- 13E #95 (page 165) vs. 13E diagnostic #13 (page 22): Both questions entail one positive integer divided by another, resulting in a quotient and a remainder equivalent to .12. Our objective is to use the .12 to deduce the value of the divisor in one question and to identify a possible remainder in the other question.
- 13E #45 (page 158) vs. 2E #57 (page 69): Both problems give us a quadratic equation using the variable x and a constant k. Given one root of the quadratic, we must find the other solution in one problem and the value of k in the other problem.
Repetitive Data Sufficiency Questions
Although the above are the most obvious examples of repetition in Problem Solving, there is much more repetition of concepts across questions. We also can find examples of repetition within Data Sufficiency, albeit to a lesser extent. As two obvious examples, compare the following sets of Data Sufficiency questions:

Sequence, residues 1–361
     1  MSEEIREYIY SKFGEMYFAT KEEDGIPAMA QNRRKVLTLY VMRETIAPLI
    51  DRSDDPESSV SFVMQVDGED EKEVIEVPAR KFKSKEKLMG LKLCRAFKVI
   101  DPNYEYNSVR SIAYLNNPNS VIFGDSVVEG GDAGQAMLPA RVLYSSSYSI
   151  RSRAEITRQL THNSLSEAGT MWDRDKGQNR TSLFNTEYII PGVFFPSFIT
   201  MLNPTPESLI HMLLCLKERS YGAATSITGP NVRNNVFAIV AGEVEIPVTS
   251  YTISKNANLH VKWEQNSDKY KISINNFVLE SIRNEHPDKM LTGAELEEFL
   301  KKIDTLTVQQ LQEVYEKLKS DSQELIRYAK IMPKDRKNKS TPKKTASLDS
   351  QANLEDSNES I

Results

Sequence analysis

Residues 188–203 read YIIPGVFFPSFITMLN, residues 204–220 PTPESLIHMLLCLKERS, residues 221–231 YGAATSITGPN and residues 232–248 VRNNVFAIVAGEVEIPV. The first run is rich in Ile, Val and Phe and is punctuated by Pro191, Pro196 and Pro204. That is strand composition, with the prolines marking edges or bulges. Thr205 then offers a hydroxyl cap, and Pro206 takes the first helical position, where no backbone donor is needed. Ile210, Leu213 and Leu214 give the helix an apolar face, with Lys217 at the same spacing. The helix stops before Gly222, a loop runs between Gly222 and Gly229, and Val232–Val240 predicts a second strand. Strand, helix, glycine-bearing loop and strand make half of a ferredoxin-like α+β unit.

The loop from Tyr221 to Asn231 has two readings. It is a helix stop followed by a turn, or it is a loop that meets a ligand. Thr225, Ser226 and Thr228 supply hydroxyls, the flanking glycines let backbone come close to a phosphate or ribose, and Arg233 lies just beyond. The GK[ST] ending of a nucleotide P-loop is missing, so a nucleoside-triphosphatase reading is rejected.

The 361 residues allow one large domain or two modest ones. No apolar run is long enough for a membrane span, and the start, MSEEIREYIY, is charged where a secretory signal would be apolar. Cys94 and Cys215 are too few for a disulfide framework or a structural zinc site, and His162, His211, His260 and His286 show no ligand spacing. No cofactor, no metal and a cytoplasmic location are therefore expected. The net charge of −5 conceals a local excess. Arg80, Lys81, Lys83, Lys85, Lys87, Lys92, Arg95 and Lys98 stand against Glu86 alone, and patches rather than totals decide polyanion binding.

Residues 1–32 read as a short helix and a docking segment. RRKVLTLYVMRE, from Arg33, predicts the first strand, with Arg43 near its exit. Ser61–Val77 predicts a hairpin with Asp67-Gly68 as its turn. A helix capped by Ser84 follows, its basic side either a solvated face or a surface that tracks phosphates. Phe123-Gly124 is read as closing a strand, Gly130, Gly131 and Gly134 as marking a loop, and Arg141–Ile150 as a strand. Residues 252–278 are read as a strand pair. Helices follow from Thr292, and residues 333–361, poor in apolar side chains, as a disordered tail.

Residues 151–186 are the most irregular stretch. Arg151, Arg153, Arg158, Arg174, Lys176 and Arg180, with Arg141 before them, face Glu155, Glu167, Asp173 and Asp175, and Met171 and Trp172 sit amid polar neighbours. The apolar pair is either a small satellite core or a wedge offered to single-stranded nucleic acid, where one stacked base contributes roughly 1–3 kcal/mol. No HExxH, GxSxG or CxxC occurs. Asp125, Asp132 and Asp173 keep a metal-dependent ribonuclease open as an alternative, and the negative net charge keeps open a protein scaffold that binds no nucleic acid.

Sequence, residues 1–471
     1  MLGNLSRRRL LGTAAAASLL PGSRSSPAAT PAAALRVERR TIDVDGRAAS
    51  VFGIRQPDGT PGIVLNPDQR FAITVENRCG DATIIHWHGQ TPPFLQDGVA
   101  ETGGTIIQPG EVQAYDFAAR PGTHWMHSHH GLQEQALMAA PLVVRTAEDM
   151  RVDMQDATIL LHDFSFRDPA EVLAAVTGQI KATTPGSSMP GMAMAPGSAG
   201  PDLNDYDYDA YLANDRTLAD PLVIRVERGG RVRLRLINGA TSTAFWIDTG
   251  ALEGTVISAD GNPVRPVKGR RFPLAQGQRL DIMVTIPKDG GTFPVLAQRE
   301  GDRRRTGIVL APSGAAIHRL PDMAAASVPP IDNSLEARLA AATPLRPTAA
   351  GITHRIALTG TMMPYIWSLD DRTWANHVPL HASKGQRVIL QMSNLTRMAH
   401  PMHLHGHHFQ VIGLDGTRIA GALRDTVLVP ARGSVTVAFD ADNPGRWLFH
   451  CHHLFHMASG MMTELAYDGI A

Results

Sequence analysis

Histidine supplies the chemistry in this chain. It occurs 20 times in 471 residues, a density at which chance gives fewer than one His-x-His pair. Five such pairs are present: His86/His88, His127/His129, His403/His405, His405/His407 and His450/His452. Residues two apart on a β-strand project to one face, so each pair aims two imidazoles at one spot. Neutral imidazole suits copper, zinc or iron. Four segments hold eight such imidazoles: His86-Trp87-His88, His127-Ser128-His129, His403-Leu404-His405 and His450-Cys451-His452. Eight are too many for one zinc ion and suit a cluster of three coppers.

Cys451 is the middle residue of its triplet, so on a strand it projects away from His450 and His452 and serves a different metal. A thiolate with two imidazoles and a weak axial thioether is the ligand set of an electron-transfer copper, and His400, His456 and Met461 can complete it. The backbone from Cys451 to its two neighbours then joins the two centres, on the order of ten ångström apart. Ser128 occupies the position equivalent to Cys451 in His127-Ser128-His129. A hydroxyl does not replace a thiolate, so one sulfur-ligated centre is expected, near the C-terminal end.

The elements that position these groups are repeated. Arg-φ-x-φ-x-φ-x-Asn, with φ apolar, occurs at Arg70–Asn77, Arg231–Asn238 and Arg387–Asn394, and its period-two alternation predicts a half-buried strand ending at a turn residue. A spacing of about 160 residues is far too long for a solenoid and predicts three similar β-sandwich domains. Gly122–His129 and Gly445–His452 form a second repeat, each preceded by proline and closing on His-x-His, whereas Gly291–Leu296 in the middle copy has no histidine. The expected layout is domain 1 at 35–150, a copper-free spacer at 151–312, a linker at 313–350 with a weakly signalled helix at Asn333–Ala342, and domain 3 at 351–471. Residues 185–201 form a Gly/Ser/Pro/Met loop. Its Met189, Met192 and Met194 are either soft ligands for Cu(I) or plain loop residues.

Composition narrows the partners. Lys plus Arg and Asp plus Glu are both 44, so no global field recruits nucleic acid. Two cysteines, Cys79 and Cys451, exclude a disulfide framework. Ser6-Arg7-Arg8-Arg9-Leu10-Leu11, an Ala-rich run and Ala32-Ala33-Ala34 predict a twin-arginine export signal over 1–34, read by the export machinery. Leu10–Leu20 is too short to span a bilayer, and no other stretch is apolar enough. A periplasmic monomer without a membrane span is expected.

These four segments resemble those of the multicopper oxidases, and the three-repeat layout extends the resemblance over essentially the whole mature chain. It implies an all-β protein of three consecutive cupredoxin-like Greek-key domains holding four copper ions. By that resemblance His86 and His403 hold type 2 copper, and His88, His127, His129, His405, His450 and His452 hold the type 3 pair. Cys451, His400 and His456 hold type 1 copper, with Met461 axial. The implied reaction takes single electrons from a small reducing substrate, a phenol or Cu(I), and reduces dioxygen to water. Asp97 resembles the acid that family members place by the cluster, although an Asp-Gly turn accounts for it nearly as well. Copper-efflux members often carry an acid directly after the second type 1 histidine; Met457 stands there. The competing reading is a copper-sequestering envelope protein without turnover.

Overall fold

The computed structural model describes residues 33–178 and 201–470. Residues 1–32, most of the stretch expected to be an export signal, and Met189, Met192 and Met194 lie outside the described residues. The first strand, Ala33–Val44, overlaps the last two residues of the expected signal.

- 13E #2 (page 275) vs. 13E #21 (page 276): These two questions have identical setups, although with different numbers in different contexts. In both questions, statement 1 gives us what percent of women have a certain characteristic and statement 2 gives us what percent of men have the same characteristic. The questions both ask what percent of the total are women with that characteristic.
- 13E #57 (page 280) vs. 13E #59 (page 280): In both cases, we have two different denominations (of bills in one question and of gift certificates in the other). Statement 1 has an identical setup in both questions – the maximum number of the smaller denomination. In #57, the initial information tells us the minimum number of the larger denomination and statement 2 tells us the total value of both denominations combined. In #59, the initial information and that given in statement 2 are swapped.
Why does this repetition happen? Since the GMAT tests a finite number of concepts, these concepts will inevitably appear repeatedly in various forms. But since the GMAC must produce a vast number of questions each year to ensure a fair testing environment, one way to make the question development process more efficient is to borrow heavily from other questions. We also see concepts applied repetitively in Verbal questions, but the questions themselves are not as obviously duplicative as the Math questions that we’ve discussed.